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Mykola Azarov’s team has reported new achievements as one of its assets: Ukraine’s economy is growing much faster than the forecasts, which allows for improving not only macroeconomic guidelines but also increasing social expenditures in the budget. Director for Economic Programs at Razumkov Center Vasyl Yurchyshyn told KW how independent economists view the situation
|PHÎÒÎ: from private archive|
KW: What are the reasons for the improvement of GDP growth forecasts this year?
V.Y.: The increase in nominal GDP growth is quite easily achieved thanks to inflation. This year, price growth dynamics considerably differ from those of last year. In 2010, there was a deflation in April-May and prices were falling. This year, instead of the traditional decrease in inflation dynamics in April-May, prices grew by around 2%. Based on the results in May, the annual inflation indicator already reached 11%. Ukraine exceeded the limits of the much talked-about one-digit indicator of price growth that the government was so desperately trying to achieve. While the Cabinet presupposes that the trend of price growth will continue, the upgraded assessments of nominal GDP are fully logical. Moreover, thanks to inflation it can be increased by 5% and even 10%. Inflation risks this year are very high. It is also anticipated that housing utilities rates will be raised and the prices of gas will be revised. The situation on the oil market is still unstable, which may spark a further rise in the price of gas, meaning that transport services will also become more expensive. According to our forecasts, while the real growth of the consumer price index this year will be around 12-13%, the government will most likely try to manipulate the figures and the official inflation indicator will turn out to be much lower.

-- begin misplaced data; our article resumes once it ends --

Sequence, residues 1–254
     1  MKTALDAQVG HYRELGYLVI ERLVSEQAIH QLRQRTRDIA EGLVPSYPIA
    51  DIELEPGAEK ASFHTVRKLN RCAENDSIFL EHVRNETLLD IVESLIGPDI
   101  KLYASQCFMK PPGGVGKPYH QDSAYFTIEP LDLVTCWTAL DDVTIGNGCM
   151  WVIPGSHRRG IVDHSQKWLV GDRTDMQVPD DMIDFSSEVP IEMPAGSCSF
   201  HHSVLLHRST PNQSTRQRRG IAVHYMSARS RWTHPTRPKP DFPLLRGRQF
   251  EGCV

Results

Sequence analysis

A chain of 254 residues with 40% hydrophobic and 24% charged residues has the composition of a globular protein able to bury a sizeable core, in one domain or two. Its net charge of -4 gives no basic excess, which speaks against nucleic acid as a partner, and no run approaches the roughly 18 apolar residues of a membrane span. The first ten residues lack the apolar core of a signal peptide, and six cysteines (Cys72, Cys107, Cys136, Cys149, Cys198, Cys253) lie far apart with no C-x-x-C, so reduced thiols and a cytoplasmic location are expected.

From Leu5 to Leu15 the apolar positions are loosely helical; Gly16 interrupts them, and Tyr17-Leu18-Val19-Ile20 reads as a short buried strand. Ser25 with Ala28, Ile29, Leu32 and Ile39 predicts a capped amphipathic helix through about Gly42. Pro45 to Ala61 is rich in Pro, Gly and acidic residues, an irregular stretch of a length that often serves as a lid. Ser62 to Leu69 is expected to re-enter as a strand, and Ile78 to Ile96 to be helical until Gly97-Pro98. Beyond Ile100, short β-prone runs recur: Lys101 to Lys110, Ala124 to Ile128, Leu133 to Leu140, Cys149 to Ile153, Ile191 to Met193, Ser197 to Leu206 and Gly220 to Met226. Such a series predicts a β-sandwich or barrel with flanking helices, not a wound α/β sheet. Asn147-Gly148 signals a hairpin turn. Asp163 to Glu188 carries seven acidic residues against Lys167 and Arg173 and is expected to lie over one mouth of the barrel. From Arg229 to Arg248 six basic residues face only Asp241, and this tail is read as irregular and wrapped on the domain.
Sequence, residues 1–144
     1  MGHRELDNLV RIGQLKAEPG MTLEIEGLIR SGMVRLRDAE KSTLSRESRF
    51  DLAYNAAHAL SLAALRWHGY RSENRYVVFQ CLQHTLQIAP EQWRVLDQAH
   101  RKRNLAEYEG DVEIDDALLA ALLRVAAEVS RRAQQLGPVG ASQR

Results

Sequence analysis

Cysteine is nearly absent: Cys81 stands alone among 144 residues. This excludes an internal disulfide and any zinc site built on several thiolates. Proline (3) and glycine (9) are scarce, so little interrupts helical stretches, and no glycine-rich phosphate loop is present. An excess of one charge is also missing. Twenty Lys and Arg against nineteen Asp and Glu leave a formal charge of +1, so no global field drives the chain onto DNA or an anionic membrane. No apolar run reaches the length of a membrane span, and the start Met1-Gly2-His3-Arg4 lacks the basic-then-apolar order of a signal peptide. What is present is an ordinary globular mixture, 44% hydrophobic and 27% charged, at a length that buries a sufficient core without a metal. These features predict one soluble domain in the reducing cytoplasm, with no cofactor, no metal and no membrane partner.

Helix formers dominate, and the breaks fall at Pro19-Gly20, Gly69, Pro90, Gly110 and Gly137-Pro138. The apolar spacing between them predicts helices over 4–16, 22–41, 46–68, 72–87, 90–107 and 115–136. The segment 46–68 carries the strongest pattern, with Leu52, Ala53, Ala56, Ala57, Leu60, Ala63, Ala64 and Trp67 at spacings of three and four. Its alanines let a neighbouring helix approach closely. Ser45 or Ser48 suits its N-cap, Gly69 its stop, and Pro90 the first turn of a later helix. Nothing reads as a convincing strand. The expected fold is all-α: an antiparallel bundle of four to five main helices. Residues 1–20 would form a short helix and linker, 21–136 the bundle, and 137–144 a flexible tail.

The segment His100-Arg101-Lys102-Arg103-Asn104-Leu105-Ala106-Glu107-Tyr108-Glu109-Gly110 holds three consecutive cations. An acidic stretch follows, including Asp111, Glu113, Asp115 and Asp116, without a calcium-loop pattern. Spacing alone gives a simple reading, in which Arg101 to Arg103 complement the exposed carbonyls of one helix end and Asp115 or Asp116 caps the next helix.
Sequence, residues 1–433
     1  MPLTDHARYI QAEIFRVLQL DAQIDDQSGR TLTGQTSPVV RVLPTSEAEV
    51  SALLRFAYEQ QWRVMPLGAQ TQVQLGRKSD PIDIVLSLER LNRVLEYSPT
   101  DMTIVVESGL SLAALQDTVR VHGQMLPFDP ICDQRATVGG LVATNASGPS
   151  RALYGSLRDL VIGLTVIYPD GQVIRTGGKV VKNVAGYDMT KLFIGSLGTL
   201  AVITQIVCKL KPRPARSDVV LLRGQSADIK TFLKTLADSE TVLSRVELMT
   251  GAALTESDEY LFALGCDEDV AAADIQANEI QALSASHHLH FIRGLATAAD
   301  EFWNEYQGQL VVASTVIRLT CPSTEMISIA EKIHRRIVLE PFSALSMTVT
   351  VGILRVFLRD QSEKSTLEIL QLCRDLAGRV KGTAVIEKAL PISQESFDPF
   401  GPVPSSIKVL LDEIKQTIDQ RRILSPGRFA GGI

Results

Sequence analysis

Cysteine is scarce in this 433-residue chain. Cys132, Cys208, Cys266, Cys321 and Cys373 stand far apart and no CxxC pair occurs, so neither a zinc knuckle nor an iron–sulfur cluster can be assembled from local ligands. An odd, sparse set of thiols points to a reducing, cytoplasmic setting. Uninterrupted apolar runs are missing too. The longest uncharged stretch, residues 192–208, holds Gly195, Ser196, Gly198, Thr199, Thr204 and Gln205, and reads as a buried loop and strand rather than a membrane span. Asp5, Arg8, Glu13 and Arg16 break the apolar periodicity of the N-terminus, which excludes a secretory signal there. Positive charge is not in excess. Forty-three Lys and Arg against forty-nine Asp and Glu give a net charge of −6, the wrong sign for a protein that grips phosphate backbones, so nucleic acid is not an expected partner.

KW: How realistic is the forecast of a 4.7% growth of real GDP?
V.Y.: It is more than realistic. The other thing is that the planned 4.5-4.7% growth is very low compared to the huge decline that our economy showed during the financial crisis. With such a rate of GDP growth Ukraine will reach its pre-crisis level only next year and 4.5-4.7% is the indicator of the “self-survival potential” of businesses. It can be easily achieved provided that the government does not impede on its development. Declarations of the government of such basic growth rates mean that its programs for stimulating the economy are either not active or are simply ineffective. This indicates that our government simply does not know how to activate growth. Otherwise, it would set a goal of 6-7% GDP growth.
KW: Could the domestic economy grow by 6-7% this year?
V.Y.: Such growth could become fully real provided that the government stimulates business, introduces clear rules of the game and proposes a development program. This would let some businesses emerge from the shadows. According to some assessments, the ratio of shadow and official sectors in Ukraine at the moment is 50/50. If the shadow sector decreases at least by 10% per year and moves into the official field, it will add 1.5-2% to GDP growth, which in the end could produce an indicator of 6-6.5%.
KW: Is high inflation an obstacle for increasing the GDP growth rate?
V.Y.: The current growth of the consumer price index in Ukraine cannot be labeled as a risk to the economy. It is believed that investment prospects of a country can be undermined by an inflation level exceeding 1.5% per month, which is around 18% per year. I think that Ukraine is also past that stage. The current price growth indicator at 10-11% is not critical for the economy. On the contrary, inflation boosts the indicator of nominal GDP, which means an increase in proceeds to the budget. This means that the government can increase social expenditures, thereby preserving the image of a socially-oriented government.
The only negative aspect is that the government forces business to be oriented towards the inflation level planned by the budget (8.9%), which is much lower than the real figure. For business development, maximum openness and honesty of the government and the transparency of economic forecasts and indicators is of the utmost importance. In this case, the government would indeed be able to improve the indicator of real GDP and we would see economic growth not in nominal figures bloated by inflation, but thanks to actual growth.Printable version